Likewise, leaning too heavily on unhealthy coping like self-injury, drowning your sorrows, or otherwise obliterating your feelings with drugs, sex, sugar, shopping, video games, or anything else pop psychology has deemed “addictive” is a sign that we need more coping tools in our toolbox.
So what are the tools that allow you to roll with the punches? For one, feel what you feel. Allow yourself to feel the more difficult emotions—fear, shame, guilt, vulnerability—rather than just bravado and rage. You can also access your feelings through your body—consciously relax, exercise, or mindfully breathe. Reach out to people who care about you. Do things that make you feel better but without a huge cost. Find the balance between treating yourself and numbing yourself. Drinking everything in the house and staying in bed for a week probably isn’t rolling with the punches. Some Thin Mints and a few episodes of “The Unbreakable Kimmy Schmidt,” followed by taking your cat to a professional for that bath? Roll on.
Belief #4: “Everyone deserves to be treated with respect.”
Sirius Black got it right when he said, “If you want to know what a man’s like, take a good look at how he treats his inferiors, not his equals.”
And while none of us likely has a house-elf named Winky, all of us encounter people who do things for us every day—customer service reps, the bus driver, custodians, drugstore clerks—and each of them deserves our respect.
An important note: the knowledge that they’re getting paid to help you isn’t a substitute. Respect and money aren’t interchangeable, plus in the long run, respect buys a lot more than money.
Now, as for how to treat people who take up two parking spaces, that’s another episode…
Belief #3: “I can laugh at myself.”
When we’re only in it to win it, we’re definitely taking ourselves too seriously. Red flags include being judgy, micromanaging, always having to be right, getting defensive, holding grudges, never apologizing, or anything else that smacks of holier-than-thou self-importance.
So how to laugh at yourself? What are the things you’re embarrassed about? What are your worst qualities? What are the things your haters say about you? Own them. Stephen King once said, “I am the literary equivalent of a Big Mac and fries.” George W. Bush famously said to the Yale graduating class, “To those of you who received honors, awards, and distinctions, I say, well done. And to the C students — I say, you, too, can be President of the United States.”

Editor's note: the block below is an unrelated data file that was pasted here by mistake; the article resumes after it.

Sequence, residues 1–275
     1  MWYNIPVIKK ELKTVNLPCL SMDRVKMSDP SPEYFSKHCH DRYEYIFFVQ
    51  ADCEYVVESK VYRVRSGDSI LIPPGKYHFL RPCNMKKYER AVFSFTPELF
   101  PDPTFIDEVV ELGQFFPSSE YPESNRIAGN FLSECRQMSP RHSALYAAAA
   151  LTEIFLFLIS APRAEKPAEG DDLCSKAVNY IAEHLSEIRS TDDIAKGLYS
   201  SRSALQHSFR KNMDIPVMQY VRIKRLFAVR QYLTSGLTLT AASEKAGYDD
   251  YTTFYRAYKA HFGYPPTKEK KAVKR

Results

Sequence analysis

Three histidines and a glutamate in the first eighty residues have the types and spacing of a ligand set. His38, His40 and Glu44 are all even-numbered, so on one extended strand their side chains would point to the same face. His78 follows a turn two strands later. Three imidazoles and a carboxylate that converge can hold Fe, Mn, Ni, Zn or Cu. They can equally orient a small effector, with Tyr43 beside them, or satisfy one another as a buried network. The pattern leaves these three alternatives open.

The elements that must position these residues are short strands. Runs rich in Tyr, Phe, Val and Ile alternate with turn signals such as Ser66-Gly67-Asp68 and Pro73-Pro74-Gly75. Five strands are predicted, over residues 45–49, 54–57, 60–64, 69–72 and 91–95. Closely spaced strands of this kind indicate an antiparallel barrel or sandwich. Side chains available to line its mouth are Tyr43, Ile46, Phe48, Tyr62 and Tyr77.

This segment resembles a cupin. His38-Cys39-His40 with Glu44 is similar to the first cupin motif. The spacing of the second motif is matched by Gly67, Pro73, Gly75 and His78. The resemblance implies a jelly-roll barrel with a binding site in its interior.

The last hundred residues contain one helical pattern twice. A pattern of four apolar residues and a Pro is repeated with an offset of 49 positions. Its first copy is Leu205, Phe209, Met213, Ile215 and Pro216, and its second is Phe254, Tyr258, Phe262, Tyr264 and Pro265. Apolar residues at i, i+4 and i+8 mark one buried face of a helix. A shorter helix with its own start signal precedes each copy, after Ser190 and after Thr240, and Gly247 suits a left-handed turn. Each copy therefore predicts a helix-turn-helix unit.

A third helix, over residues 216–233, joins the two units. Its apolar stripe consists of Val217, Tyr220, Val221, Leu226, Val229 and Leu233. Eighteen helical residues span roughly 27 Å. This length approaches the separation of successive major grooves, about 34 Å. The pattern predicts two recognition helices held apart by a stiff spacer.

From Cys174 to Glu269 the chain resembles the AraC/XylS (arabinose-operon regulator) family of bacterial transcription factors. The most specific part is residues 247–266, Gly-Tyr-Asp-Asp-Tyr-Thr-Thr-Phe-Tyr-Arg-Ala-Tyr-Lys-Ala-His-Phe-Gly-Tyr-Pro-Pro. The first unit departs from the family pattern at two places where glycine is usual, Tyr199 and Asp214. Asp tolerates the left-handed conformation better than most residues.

If you’re the first to laugh at yourself and say you’re hypersensitive, dramatic, or a stick-in-the mud, you magically transform your failings and vulnerabilities into self-deprecating charm.
Belief #2: “I am capable.”
Call this “I can do hard things,” “I can handle whatever life throws at me,” “I’m competent. “Believing we can’t handle things—that we’re incapable or incompetent—drives all anxiety. Indeed, growing people’s belief in their own competence is 50% of what I do in my clinic every day.
So where does the belief of “I’m capable” come from? Experience. Push yourself a little, then a little more. Try new things, talk to new people, go to new places. The reward is a sense of your own power and capability that will carry you through the years.
Belief #1: “I can love and am worthy of love.”
Believing you are worthy of love and can give love in return—which everyone is, even if you worry you’re the exception—pays off for a lifetime.
To build our case, let’s look to Harvard University’s Study of Adult Development, which has followed the lives of 724 men for over 75 years. The study began in 1938, and it continues to this day and beyond. The researchers have gathered data on everything: the men’s physical characteristics, their drinking, their careers, their marriages, their relationships with their mothers, and much more. And what did they find?
Quite simply, as Dr. George Vaillant, the longest-tenured of the study’s four directors, summed it up, “Happiness is love. Full stop.” Indeed, the men in the study who were the most satisfied in their relationships—those who felt loved and gave love—at age fifty were the healthiest at age eighty.
Now, if you grew up in a family where you had to earn love through achievement, obedience, or simply keeping quiet and out of the way, this belief might not come easily for you. You may carry around in your core the idea that love has to be earned or worth has to be granted. If that resonates with you, you deserve more than a podcast episode; search out a qualified therapist you like and trust and do some good work.
All in all, believing you can love and are worthy of love allows you to connect to other people, which in turn makes life happy, healthy, and long.